US Warship Downs Iranian Airliner (Persian Gulf, 1988)
Engaging ragtag gunboats
A fabulously expensive US warship designed to fight World
War III, with a “gung ho” captain, found itself larking around with Iranian gunboats, and in the process shot down an Iranian airliner on a scheduled flight. The loss of the Pan Am 747 over Lockerbie, Scotland, was just possibly a consequence of this.
Iran Air Flight 655 and USS Vincennes, July 3, 1988
The “Sea of Lies” article in Newsweek (July 12, 1992), still available online today, is one of the best in-depth accounts of what happened, covering the events leading up to the incident, the incident itself, and the cover up that followed.
Rather like the narratives in this book, it benefits from having been produced long afterward, when much more information was available. It further benefits from being written by a whole group of writers and researchers in collaboration with ABC News Nightline.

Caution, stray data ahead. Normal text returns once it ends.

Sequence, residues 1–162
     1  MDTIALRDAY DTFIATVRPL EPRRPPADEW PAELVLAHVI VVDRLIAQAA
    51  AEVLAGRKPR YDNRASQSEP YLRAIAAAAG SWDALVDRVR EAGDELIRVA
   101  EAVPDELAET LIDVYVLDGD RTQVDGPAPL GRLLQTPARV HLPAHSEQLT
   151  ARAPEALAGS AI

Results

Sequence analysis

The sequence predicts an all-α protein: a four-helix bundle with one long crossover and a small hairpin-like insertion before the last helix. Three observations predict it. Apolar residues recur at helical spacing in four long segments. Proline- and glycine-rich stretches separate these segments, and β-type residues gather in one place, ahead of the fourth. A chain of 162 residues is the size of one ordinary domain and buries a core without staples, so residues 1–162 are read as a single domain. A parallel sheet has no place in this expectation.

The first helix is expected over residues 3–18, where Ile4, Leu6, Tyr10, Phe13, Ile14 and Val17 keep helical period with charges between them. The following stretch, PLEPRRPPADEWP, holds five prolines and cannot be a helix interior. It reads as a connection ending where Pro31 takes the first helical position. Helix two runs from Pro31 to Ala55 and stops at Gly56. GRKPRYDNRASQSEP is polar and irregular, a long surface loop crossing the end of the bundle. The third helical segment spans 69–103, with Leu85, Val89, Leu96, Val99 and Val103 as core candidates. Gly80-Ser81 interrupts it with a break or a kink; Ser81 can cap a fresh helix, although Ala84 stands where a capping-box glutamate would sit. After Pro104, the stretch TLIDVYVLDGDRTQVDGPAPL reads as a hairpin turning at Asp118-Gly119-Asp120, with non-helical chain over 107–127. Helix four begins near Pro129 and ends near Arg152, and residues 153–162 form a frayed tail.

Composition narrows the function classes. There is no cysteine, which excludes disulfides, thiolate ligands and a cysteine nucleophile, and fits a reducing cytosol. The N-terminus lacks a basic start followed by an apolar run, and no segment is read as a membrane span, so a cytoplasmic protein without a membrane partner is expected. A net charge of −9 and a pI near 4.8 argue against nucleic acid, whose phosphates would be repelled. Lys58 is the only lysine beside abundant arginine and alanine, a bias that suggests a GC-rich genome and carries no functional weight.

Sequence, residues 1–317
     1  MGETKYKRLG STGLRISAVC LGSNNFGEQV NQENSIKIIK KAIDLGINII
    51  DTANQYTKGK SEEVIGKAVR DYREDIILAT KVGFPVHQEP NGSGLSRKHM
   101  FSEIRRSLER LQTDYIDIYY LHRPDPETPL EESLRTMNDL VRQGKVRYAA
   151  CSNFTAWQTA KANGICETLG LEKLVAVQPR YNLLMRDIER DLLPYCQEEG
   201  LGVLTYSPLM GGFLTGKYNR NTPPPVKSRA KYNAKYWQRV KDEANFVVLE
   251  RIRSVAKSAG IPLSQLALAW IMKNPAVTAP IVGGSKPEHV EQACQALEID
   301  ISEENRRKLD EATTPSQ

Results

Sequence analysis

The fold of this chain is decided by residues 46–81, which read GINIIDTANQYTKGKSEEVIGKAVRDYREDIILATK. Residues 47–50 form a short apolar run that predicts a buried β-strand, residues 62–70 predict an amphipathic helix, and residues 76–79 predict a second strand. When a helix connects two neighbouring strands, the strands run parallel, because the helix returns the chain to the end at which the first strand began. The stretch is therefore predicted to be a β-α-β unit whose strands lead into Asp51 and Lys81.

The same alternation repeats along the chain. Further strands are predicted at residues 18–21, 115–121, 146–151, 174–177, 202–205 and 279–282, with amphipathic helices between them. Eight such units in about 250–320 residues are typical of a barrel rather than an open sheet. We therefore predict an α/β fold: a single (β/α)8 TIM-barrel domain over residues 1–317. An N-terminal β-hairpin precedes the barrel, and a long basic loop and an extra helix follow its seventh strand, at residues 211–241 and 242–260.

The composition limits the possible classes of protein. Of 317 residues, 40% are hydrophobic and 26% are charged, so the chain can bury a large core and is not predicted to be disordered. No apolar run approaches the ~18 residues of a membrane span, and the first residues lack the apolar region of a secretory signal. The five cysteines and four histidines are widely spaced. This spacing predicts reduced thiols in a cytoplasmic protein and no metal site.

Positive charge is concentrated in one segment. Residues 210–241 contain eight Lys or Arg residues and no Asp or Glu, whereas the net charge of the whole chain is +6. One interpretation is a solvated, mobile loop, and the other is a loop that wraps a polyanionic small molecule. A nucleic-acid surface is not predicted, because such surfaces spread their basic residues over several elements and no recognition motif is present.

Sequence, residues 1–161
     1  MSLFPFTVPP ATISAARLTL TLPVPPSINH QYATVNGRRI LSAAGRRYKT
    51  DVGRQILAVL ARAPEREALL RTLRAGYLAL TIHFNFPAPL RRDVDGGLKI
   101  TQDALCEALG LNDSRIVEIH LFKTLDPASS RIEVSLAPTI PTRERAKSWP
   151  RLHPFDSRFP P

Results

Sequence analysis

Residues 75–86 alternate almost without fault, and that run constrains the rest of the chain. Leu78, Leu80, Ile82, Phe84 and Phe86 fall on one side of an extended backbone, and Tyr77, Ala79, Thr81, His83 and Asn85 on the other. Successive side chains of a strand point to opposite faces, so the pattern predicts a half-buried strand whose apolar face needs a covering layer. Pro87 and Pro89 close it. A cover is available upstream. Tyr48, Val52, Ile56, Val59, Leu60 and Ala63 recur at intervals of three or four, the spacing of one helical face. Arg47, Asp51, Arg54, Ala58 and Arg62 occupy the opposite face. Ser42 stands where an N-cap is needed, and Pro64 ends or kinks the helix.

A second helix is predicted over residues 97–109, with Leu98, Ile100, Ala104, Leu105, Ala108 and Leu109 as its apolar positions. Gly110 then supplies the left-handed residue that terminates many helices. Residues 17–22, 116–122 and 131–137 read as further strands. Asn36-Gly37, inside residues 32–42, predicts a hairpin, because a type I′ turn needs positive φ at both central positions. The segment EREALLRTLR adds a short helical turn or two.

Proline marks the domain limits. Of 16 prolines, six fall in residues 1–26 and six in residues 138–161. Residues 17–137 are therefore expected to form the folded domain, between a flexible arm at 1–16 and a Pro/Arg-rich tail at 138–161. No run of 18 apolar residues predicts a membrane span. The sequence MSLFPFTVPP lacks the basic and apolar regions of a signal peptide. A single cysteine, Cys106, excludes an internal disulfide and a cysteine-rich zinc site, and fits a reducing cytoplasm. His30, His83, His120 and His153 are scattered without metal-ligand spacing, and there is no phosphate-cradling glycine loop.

Here we just give the basic facts. Anyone really interested in the details should consult that excellent Newsweek article, which was used as the basis for much of this account.
“Gung Ho” Captain
Much attention has been focused on the gung-ho tendencies of Captain William C. Rogers III, commander of the USS Vincennes guided missile cruiser that shot down the Iranian airliner. According to a fellow officer on another ship nearby, he had shown excessive aggressiveness in an earlier action in the area, while others maintained he would take gratuitous risks in order to gain promotion.Rogers had served on the staff of the Chief of Naval Operations and supposedly had friends in high places. Someone pointed out “actual combat action during his dream posting in command of the ultra-sophisticated Aegis cruiser would have been his ticket to flag rank.”
One officer responsible for his training noted his failure to stick to battle plans.
Captain Rogers was not operating in isolation, but directly under the orders of fleet headquarters in Bahrain, and one should point out that the Vincennes operated on their time, whereas Iranian time was a confusing thirty minutes ahead of that. This half hour difference may have contributed to the confusion when an officer on the Vincennes checked the time the Iranian aircraft took off against the published timetable.